*Chicken with lemon seasoning, cooked with yellow and green zucchini

    If you want to cook in the skillet, my favorite meal is thinly sliced beef, sauted with lots of fresh veggies (whatever I have on hand – thin carrots, broccoli, snap peas, peppers, etc), a little garlic, soy sauce, and worch. sauce. I make rice once a week, and we use that throughout the week instead of making it (and cleaning dishes for it) several times.

  • KellyF says:

    My grandparents oven quit working so they used a toaster oven they kept in their camper.
    Don’t forget how great breakfast for dinner can be, especially an omelet! I love making omelets w/cheese, turkey, spinach and adding salsa and best of all, it only dirties a tiny frying pan!
    A friend of mine isn’t a fan of cooking but has attempted to change since getting married and makes “Supper Bakes” in the microwave instead of the oven (you buy the chicken and add it to noodles or rice w/seasoning, also add water and butter usually)…several meals can be made in the microwave that most people think are “oven” meals.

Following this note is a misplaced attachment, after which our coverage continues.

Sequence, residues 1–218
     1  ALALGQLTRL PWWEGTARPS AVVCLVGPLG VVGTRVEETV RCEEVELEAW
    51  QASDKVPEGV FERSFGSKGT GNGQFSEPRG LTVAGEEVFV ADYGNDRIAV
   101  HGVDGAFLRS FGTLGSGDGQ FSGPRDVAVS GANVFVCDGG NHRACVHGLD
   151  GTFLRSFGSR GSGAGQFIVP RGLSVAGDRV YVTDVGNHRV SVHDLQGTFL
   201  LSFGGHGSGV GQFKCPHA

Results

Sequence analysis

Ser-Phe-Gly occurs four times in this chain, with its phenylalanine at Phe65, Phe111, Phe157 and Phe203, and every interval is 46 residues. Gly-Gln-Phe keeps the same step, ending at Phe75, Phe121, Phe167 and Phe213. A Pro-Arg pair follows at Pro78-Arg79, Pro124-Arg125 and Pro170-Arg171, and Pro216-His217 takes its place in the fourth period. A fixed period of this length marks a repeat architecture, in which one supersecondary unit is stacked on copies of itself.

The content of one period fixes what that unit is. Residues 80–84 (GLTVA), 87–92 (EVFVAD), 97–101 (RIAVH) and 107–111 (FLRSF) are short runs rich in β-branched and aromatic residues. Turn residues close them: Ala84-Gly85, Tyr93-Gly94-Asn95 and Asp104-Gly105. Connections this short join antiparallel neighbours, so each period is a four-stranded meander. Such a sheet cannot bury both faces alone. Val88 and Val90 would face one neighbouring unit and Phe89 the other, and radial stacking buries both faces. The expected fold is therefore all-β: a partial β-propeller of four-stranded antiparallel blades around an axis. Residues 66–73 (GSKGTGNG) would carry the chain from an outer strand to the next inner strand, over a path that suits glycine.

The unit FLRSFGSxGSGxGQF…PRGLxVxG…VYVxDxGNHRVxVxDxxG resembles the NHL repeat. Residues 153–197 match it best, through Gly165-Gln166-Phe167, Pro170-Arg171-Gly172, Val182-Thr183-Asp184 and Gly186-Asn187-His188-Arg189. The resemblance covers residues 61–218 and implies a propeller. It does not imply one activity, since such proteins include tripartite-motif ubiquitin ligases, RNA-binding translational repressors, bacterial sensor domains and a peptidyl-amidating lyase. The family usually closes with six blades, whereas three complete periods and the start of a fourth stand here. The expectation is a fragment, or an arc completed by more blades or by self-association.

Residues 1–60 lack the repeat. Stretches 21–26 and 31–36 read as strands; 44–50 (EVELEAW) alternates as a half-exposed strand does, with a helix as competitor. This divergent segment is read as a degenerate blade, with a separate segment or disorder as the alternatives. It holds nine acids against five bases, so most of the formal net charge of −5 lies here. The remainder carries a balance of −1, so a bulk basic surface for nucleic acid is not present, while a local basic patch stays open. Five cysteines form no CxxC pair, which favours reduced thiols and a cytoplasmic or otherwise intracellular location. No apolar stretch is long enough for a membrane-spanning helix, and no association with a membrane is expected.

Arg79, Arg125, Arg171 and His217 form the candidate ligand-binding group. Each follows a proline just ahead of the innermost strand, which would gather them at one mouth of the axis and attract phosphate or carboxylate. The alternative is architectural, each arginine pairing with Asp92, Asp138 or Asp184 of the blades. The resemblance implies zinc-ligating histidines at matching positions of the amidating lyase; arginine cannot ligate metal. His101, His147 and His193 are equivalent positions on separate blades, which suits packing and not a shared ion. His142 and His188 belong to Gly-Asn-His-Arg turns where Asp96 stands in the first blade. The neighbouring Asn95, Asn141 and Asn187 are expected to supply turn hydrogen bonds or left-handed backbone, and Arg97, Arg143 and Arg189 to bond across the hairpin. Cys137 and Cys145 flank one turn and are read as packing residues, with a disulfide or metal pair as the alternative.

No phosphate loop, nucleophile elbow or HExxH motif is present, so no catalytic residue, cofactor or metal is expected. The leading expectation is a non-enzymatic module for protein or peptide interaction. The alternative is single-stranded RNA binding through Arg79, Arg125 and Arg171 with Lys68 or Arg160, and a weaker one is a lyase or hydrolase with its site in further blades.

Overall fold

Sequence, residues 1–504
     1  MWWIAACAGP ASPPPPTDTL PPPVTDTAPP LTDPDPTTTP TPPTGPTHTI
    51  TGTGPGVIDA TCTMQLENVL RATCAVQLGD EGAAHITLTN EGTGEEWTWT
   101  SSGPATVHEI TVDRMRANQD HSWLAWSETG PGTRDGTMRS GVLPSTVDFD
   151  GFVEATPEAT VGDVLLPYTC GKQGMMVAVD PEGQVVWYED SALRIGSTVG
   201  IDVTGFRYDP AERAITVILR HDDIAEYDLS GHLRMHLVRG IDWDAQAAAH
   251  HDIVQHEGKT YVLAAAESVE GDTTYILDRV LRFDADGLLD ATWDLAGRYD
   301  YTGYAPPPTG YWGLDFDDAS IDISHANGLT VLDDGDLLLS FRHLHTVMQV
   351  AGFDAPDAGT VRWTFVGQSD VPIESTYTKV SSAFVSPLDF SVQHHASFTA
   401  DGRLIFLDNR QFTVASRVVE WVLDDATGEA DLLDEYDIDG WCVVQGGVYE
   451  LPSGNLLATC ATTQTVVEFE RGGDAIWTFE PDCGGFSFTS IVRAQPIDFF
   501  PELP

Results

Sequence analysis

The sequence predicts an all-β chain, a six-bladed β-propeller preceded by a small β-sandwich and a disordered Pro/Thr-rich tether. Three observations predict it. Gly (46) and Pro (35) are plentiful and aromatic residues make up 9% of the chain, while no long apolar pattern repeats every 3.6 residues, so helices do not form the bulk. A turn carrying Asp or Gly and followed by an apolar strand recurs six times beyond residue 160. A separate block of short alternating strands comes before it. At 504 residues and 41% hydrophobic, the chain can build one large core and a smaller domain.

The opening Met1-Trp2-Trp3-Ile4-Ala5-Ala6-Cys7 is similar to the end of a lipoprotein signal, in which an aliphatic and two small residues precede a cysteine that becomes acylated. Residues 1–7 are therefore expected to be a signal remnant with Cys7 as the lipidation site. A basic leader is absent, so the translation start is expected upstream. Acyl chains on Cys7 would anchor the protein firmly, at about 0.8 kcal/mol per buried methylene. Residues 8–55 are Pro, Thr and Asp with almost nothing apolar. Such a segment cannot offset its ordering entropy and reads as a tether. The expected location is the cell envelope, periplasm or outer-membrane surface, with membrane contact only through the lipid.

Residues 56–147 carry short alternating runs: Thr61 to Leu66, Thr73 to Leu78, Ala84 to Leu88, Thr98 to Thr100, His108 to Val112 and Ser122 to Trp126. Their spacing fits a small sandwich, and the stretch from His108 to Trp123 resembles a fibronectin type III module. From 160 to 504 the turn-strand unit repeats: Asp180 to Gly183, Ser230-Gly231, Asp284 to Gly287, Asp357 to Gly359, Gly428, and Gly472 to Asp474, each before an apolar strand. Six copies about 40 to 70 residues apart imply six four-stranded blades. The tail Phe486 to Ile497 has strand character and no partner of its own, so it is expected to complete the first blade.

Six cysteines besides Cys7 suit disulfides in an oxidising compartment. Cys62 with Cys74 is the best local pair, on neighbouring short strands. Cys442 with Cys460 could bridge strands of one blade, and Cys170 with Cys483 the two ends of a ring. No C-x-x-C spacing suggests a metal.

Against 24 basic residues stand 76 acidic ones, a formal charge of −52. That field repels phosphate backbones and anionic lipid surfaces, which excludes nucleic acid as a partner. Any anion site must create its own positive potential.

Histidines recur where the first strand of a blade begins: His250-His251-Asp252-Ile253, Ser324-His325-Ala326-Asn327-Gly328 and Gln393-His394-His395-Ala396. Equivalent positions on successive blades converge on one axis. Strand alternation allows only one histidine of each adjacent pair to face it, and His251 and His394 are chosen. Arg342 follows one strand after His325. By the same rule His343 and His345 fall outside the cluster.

A crock pot might also be the best idea…check thrift/resale stores! I know, I personally have 3 crockpots for some reason….one is large for roasts & such, also kinda high tech but it was a steal, and another is average size and the 3rd is small-perfect for meatballs/bbq mini weenies/cheese dip.
    Good luck 🙂

  • Oh I have to recommend a crock pot as well. Great for those days when you know you are too burnt out to think about dinner. Throw a bunch of ingredients in in the morning and voila!

    We love sandwiches, soups and salads…but I can see those getting old after awhile. Breakfast for dinner.

    I wonder how big your freezer space is? Could you have a freezer cooking party at a friends house and store some easily microwaveable casseroles in your freezer (you could freeze portions in ziplocs and reheat in bowls?)

  • Carol says:

    I would defiantly invest in the crock pot also. Even some of the drugstores, are starting to sell the small ones for pretty cheap.

    Do you have some close friends or family that you can go to and borrow the kitchen of? Maybe spend a night/weekend and and do some freeze and go meals? Pancakes and french toast are big hits in our house when we don’t want to make a huge mess. Roaster chickens from the grocery store can be turned into many different meals from one chicken. Good luck with the upcoming new kitchen!

  • Invest in a crockpot! They cost from $30-$60 at Target, Kohls, Wal-Mart, etc. You are probably spending at least $20 (if not more depending on your family size) eating out so purchasing a crockpot would be a good investment. You can also buy Reynolds Crockpt Liners (with the ziploc bags at the store) and clean-up will be minimal.

  • Megan says: